When it comes to horse buying, don't buy the first horse you see, take your time and get it right!
When you want to buy a horse, you
need to ask lots of questions if not already written in the advert.
This might seem like an awful lot to take in if you are new to horse buying, especially if you are a beginner and this is your first pony or horse.
Remember you should always take someone with you who does have horse experience, or you could end up being taken advantage of and buying the wrong horse.
What questions should I ask when buying the first pony or horse?
Some of these questions may be relevant and some not necessary to ask as, it all depends on what job you want the horse or pony to do.
My first horse
Is he easy to catch in a field?
If you are buying a child’s first pony, then the pony should be expected to come to call and it is important that you see the pony coming in from the field when you view it.
All horses get days when they don’t come to call.
In this situation a child should be able to walk up to the pony,
put a head collar on him and bring him in.
Is he good in the company of other horses in the field?
Does he mind being turned out in a field on his own? (some horses are very stressed when they cannot see another horse).
If you’re planning on keeping him in a field on his own, you need to find out how he would react.
Horses are social animals and like the company of others.
Some horses are not bothered, but others get very stressed without company.
Sometimes you can get away with this if the horse can see others in a bordering field.
Is he good to load on and off a trailer or horsebox?
Some horses are a nightmare to load and it takes a lot of patients and knowledge to get them on the box.
Could you deal with a situation like this every time you want to go somewhere!
Does the horse travel ok?
Will he travel alone?
When he travels in company, does he stand quietly when you take the other horse off?
Some horses get extremely stressed and start neighing and pawing the floor constantly or try to rear in the box.
Is he quiet to handle and easy to tack up? (Again a must for the first pony)
Is he easy to handle at a show?
Most horses are just the same to handle at a show; however a few can get stressed and excited, making them difficult to manage as they concentrate on other things.
Does he stand quietly to be groomed?
You would expect a child’s first pony to stand perfectly still when tied up. The first pony should be calm and quiet.
A first pony should give a child confidence, not dent it.
Some horses will display their anger by swishing their tails, putting their ears flat back and even trying to bite you.
Will he allow you to pick up his feet?
You should be able to lift up all four feet without any problems.
Is he good with the farrier?
Is he well behaved, when you take him away from home? For example, a fun ride with lots of other horses around.
Some horses get very excited and worked up so much that they won’t stand still or relax.
They will constantly put their head down and pull the reins from your hands, pushing you forward.
This type of horse or pony is not what you are looking for in the first horse or first pony.
Is he good in traffic? You need to find out what type of traffic he has seen.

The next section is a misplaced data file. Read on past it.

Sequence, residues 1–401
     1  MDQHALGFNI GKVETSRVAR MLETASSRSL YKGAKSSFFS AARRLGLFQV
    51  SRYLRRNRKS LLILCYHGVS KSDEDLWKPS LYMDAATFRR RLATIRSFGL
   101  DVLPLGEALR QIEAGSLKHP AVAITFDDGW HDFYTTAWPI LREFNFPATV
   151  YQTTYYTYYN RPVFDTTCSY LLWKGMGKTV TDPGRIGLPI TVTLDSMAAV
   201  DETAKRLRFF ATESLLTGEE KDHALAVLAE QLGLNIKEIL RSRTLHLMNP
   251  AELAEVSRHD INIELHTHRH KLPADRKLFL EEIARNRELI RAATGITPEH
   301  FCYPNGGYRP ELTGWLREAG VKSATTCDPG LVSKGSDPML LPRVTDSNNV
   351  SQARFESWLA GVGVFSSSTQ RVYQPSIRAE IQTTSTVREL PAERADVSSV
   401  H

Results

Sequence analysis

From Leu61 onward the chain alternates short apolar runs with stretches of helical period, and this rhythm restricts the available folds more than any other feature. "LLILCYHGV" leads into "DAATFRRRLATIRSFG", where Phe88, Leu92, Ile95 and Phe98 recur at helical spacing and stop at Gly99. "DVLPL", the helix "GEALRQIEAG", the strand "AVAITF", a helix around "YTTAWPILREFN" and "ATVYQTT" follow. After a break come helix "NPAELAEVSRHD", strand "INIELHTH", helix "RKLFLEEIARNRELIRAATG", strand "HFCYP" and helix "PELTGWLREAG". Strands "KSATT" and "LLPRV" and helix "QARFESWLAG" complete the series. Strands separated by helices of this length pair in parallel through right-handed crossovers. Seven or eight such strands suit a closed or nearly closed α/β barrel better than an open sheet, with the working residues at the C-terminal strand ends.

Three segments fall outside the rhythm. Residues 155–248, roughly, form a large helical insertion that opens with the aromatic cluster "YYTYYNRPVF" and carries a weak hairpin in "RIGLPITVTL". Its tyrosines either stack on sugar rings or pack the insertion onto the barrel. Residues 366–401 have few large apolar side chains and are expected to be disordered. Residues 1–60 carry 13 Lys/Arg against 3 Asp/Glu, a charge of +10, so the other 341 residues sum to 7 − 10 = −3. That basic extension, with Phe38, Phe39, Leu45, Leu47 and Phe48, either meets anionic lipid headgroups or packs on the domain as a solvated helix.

If the horse you are looking for needs to be good in heavy traffic, then it would be worthwhile viewing him being ridden on a busy main road at rush hour time.
He should not be bothered by, hgv lorries, cars buses, machinery, road works, fast traffic travelling close to you, busses, car horns, bicycles, motor bikes, quads, tractors, dogs barking, umbrellas’, etc.
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Does the horse suffer from any known allergies?
Sweet itch can go undetected in the winter months, as it is a summer complaint.
If the horse suffers from severe sweet itch they are usually hogged, (mane shaved off) to improve the appearance.
Again this allergy can go undetected in the winter months
and will take effect in the summer when the temperature rises considerably.
This is a painful disease commonly found in ponies but also horses.
Changes can be seen in the shape of the feet if he is a sufferer.
This will not be noticeable if the animal has had only a
mild bout of laminitis.
Many horses will spook frequently when out on the roads.
It may be a plastic bag flying around, the crafty dog that suddenly starts barking, pedestrian with a large umbrella or road works etc.
For the experienced rider this will not be a problem, but for the novice rider it will be a major issue and will not be suitable for you.
Is he ok to bath? If you are buying a grey horse, he will need frequent washing for shows.
Some horses love to be washed while others will protest and will not stand still. Bathing this type of horse can be very stressful.
Buy horse that is sound!
You don’t want to purchase a lame horse or a horse with reoccurring problems.
It is always wise to get a vet to inspect the horse.
Getting a horse vetted is a good investment, as a problem horse will cost much more to keep than a healthy one.
There are many different types of vetting available, and which one you choose will depend on a number of factors and what you want the horse to do.
Is he happy to be clipped? Some horses will not tolerate clipping and need to be twitched or sedated by a vet.
Sometimes passports can be mixed up, so ask to look at the passport. Make sure that it belongs to the horse or pony you are viewing.
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Buying Horse and Selling
First horse - First pony > > Home
Horse buying -Viewing the horse
Horse buying - Where to buy horse from?
Passport information for horse buying
Horse selling tricks of the trade - Horse buying info
Information on how to sell your first pony or horse
Horse buying - Which horse to buy
Leasing a horse
Horse buying - How to measure a horse
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